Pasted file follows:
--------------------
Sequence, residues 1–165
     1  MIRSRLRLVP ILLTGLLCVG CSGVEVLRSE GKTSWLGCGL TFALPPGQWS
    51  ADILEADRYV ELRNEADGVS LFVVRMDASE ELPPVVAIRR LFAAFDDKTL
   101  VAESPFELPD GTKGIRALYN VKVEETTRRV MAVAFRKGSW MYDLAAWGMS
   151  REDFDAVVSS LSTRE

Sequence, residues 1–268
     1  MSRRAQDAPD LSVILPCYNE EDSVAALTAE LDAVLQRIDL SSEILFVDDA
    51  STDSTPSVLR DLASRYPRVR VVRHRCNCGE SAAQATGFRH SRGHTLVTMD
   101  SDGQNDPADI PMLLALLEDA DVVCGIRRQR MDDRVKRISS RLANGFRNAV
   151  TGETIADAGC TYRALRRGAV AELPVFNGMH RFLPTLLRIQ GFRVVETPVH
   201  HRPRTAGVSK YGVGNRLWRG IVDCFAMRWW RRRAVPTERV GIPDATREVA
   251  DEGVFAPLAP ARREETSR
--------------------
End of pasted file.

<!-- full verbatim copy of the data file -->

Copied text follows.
Sequence, residues 1–165
     1  MIRSRLRLVP ILLTGLLCVG CSGVEVLRSE GKTSWLGCGL TFALPPGQWS
    51  ADILEADRYV ELRNEADGVS LFVVRMDASE ELPPVVAIRR LFAAFDDKTL
   101  VAESPFELPD GTKGIRALYN VKVEETTRRV MAVAFRKGSW MYDLAAWGMS
   151  REDFDAVVSS LSTRE

Sequence, residues 1–268
     1  MSRRAQDAPD LSVILPCYNE EDSVAALTAE LDAVLQRIDL SSEILFVDDA
    51  STDSTPSVLR DLASRYPRVR VVRHRCNCGE SAAQATGFRH SRGHTLVTMD
   101  SDGQNDPADI PMLLALLEDA DVVCGIRRQR MDDRVKRISS RLANGFRNAV
   151  TGETIADAGC TYRALRRGAV AELPVFNGMH RFLPTLLRIQ GFRVVETPVH
   201  HRPRTAGVSK YGVGNRLWRG IVDCFAMRWW RRRAVPTERV GIPDATREVA
   251  DEGVFAPLAP ARREETSR